Breast cancer represents 24 % of all cancer occurring in women. Breast cancer is the most common malignancy and the second most frequent cause of death by cancer in women. Although the incidence rate of breast cancer has been increasing, the mortality rate has remained stable for decades. This is particularly due to the earlier diagnosis and an effective screening program as well as advances in treatment.
This study, published in Anticancer Researc (Svobodova et al. 2018) was conducted at University Hospital and Faculty of Medicine, Charles University Pilsen. The aim with the study was to predict relapse in breast cancer patients, when the measurement of biomarkers is performed within 1 to 6 months after surgery. In this study three different biomarkers were evaluated; TPS® (tissue polypeptide-specific antigen), CEA and CA 15-3.
The generated data show that TPS® levels of the patients in the recurrence group differed statistically significant in the first and six months after surgery compared to the patients in the recurrence-free group. CEA and CA 15-3 measurements did not achieve a statistically significant difference for any month examined.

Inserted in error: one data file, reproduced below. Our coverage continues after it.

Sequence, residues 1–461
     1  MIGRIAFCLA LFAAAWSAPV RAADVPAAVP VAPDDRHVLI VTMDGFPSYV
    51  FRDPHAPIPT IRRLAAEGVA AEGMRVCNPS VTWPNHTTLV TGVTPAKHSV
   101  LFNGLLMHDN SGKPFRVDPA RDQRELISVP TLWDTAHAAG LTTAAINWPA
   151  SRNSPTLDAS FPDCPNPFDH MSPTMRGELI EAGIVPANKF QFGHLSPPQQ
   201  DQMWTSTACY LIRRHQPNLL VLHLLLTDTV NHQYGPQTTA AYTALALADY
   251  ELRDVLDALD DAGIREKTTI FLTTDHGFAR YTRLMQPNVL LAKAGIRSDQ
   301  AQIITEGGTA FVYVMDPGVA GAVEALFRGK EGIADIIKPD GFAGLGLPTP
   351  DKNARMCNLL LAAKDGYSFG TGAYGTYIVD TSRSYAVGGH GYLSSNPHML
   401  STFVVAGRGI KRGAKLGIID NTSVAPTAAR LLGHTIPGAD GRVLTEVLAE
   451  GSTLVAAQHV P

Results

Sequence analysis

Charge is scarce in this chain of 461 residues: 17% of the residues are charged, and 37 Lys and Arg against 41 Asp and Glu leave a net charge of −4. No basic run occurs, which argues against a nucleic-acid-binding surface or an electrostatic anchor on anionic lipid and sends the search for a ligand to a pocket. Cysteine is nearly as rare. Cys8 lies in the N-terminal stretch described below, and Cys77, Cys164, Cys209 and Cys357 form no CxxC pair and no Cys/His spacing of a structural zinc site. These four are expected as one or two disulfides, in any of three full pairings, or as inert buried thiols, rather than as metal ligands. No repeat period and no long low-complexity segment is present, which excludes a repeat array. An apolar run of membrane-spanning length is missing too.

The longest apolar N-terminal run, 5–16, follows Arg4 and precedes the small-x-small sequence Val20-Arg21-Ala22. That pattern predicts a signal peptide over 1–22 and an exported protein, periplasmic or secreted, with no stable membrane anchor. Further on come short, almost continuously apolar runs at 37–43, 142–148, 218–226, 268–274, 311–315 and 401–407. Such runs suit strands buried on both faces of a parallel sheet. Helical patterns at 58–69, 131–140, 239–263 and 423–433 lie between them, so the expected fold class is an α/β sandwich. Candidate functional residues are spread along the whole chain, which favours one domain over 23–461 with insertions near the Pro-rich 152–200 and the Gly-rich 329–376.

From the data reported it was concluded that TPS® level measured in the sixth month after surgery is the best biomarker to predict disease recurrence. The authors suggest that TPS® should be added to the panel of biomarkers for the follow-up monitoring of breast cancer patients after surgery.
The tumor marker TPS® is a reliable indicator of tumor cell activity and is particular useful in patient management for different carcinomas. Compared with conventional tumor mass markers, the activity marker TPS® provides the clinician with earlier signals about the course of the disease. TPS® is particularly useful in treatment monitoring and surveillance of patients with epithelial cell carcinomas e.g. breast, prostate and ovarian cancer.
TPS® is well-documented and is in routine use in China, Czech Republic, Republic of Korea, Germany, Italy and Austria among others.